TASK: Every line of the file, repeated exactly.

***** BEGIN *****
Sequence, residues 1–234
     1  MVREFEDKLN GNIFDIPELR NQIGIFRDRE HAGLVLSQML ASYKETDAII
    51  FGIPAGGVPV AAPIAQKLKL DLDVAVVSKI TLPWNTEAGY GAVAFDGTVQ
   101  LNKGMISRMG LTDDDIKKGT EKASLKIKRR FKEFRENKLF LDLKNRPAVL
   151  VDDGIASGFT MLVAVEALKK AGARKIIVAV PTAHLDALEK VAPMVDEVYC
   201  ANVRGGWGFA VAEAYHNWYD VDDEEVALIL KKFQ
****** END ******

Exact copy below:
Sequence, residues 1–234
     1  MVREFEDKLN GNIFDIPELR NQIGIFRDRE HAGLVLSQML ASYKETDAII
    51  FGIPAGGVPV AAPIAQKLKL DLDVAVVSKI TLPWNTEAGY GAVAFDGTVQ
   101  LNKGMISRMG LTDDDIKKGT EKASLKIKRR FKEFRENKLF LDLKNRPAVL
   151  VDDGIASGFT MLVAVEALKK AGARKIIVAV PTAHLDALEK VAPMVDEVYC
   201  ANVRGGWGFA VAEAYHNWYD VDDEEVALIL KKFQ